Mawhir and Williams deny observing anyone using excessive force and contend that the amount of force used was the minimal amount necessary to safely control the situation. Mawhir and Williams Decs., ECF Nos at ¶¶ 14, 13. They also deny that anyone punched Plaintiff. Id. at 38-4, 38-5 at ¶¶ 12, 11.

Plaintiff claims injuries to his back and his mental health. Plaintiff Depo., ECF No. 38-6 at 85:19-86:6. He maintains that he suffers from back pain, nightmares, and PTSD. Id. at T. 69:5-70:24; 74:17-79:11; 86:2-16. Plaintiff admits that his arms and legs were not injured and he does not claim that there was anything excessive about how his arms were bent. Id. at T. 46:14-15, 48-52. He had two small scratches on his arm, id. at T. 47:16-50:6, and claims that he experienced soreness from the punches, but no contusions. Id. at 36:14-19.

LEGAL STANDARD

Summary judgment is appropriate "if the pleadings, depositions, answers to interrogatories, and admissions on file, together with the affidavits, if any, show that there is no genuine issue as to any material fact and that the moving party is entitled to judgment as a matter of law." Fed. R. Civ. P. 56(c). "In reaching this determination, the court must assess whether there are any material factual issues to be tried while resolving ambiguities and drawing reasonable inferences against the moving party, and must give extra latitude to a pro se plaintiff." Thomas v. Irvin, 981 F. Supp. 794, 798 (W.D.N.Y.1997) (internal citations omitted). "Typically, excessive force claims present material issues of fact which preclude summary judgment." Green v. Morse, No. 00-CV-6533-CJS, 2009 WL 1401642, at *7 (W.D.N.Y. May 18, 2009).

DISCUSSION

I. Excessive Force Claim against Mawhir and Williams

Plaintiff claims that Mawhir and Williams used excessive force against him by pulling up on his legs at the same time that Bennett pulled up on his head and neck, bending his spine into a "U-shape" and hurting his back. Plaintiff alleges that, because he was not resisting the officers, their use of force was unnecessary and intended to injure him.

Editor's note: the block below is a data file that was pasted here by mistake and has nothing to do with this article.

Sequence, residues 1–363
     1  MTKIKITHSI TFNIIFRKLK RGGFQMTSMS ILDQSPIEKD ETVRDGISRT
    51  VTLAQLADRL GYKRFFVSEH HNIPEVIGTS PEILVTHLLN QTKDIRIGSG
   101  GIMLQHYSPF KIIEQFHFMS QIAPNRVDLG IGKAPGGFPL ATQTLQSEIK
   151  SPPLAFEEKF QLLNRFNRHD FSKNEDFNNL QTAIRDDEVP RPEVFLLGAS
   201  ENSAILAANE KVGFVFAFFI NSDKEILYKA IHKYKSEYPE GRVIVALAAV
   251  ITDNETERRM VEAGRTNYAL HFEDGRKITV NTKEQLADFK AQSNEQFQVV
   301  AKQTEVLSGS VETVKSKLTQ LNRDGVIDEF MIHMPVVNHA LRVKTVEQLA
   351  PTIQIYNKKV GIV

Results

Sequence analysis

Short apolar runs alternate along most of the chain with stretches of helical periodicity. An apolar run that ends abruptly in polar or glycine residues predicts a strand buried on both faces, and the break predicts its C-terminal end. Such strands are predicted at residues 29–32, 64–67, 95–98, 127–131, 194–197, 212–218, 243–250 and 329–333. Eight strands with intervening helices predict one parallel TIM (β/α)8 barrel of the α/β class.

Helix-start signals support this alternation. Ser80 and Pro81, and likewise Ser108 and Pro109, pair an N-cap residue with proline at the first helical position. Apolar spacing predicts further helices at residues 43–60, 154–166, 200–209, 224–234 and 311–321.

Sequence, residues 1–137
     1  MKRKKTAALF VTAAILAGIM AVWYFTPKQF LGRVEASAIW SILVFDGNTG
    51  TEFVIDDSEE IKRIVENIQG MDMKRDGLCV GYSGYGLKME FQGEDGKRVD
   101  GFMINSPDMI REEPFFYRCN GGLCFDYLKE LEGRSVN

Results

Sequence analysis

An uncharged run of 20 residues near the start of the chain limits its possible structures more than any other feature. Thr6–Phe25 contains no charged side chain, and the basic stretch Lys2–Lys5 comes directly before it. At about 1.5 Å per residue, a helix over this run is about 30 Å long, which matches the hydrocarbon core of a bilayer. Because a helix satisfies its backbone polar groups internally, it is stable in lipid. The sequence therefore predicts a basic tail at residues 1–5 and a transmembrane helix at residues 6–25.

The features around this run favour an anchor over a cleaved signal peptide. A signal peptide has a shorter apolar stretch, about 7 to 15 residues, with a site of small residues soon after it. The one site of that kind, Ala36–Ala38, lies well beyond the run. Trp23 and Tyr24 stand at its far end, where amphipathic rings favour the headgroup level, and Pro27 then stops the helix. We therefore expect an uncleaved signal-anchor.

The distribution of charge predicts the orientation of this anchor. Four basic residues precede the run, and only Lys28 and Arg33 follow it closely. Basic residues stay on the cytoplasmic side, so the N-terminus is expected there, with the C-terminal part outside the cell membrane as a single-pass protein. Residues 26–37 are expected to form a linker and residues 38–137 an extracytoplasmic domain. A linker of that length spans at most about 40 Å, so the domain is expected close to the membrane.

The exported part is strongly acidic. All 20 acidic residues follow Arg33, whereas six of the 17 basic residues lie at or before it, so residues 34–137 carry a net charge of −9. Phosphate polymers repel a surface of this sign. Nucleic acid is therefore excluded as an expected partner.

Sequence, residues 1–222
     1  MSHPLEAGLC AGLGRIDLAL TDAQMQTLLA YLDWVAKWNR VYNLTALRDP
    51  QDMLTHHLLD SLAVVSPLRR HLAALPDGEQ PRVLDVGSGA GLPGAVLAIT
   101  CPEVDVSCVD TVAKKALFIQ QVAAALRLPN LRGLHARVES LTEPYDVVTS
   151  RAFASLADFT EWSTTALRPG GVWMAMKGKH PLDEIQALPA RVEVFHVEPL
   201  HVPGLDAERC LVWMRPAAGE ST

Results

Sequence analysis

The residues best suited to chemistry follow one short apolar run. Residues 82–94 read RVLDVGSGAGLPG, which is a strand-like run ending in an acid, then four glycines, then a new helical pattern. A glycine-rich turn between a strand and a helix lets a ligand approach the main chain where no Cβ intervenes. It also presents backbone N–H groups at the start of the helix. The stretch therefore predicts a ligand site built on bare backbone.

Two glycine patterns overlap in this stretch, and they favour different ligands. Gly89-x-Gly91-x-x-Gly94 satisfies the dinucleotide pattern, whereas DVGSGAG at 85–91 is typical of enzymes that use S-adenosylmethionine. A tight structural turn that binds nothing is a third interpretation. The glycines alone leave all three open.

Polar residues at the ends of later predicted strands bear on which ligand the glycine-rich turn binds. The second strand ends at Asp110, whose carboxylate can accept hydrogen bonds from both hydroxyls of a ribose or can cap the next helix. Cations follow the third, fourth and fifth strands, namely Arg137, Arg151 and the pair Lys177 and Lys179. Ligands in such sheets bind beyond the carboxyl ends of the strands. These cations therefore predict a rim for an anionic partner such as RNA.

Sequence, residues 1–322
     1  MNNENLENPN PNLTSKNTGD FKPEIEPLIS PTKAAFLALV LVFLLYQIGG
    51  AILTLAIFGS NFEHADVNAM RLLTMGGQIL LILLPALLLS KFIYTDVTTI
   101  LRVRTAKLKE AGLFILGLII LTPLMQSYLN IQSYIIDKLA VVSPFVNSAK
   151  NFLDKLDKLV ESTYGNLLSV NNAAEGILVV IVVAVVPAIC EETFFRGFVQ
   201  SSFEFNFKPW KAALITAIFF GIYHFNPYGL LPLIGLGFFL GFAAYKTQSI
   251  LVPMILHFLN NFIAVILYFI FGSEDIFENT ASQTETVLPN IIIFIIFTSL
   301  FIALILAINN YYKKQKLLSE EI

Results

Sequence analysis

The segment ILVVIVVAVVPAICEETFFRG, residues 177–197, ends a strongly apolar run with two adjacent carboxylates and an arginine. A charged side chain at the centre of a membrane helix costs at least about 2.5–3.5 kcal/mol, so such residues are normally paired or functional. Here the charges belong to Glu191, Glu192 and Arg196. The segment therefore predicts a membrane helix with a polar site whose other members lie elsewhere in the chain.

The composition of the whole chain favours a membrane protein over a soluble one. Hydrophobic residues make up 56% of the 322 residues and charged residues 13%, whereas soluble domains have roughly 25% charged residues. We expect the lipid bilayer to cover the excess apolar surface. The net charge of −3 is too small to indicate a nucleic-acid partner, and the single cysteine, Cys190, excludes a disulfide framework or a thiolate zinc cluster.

"An Eighth Amendment excessive force claim requires a plaintiff to prove both an objective element and a subjective element." Hudson v. McMillian, 503 U.S. 1, 7-8 (1992); Blyden v. Mancusi, 186 F.3d 252, 262 (2d Cir. 1999).

The objective element is "contextual and responsive to contemporary standards of decency," Hudson v. McMillian, 503 U.S. 1, 9-10 (1992), and requires that "the injury actually inflicted is sufficiently serious to warrant Eighth Amendment protection," Blyden v. Mancusi, 186 F.3d 252, 262 (2d Cir. 1999). Thus, the Eighth Amendment "necessarily excludes from constitutional recognition de minimis uses of physical force, provided that the use of force is not of a sort repugnant to the conscience of mankind." Hudson, 503 U.S. at 9-10 (internal quotation marks and citation omitted). "Consequently, not every malevolent touch by a prison guard gives rise to a federal cause of action." Id. at 9 (citing Johnson v. Glick, 481 F.2d 1028, 1033 (2d Cir. 1973) ("Not every push or shove, even if it may later seem unnecessary in the peace of a judge's chambers, violates a prisoner's constitutional rights.")). Yet, "[w]hen prison officials maliciously and sadistically use force to cause harm, contemporary standards of decency always are violated . . . whether or not significant injury is evident." Id. (citations omitted).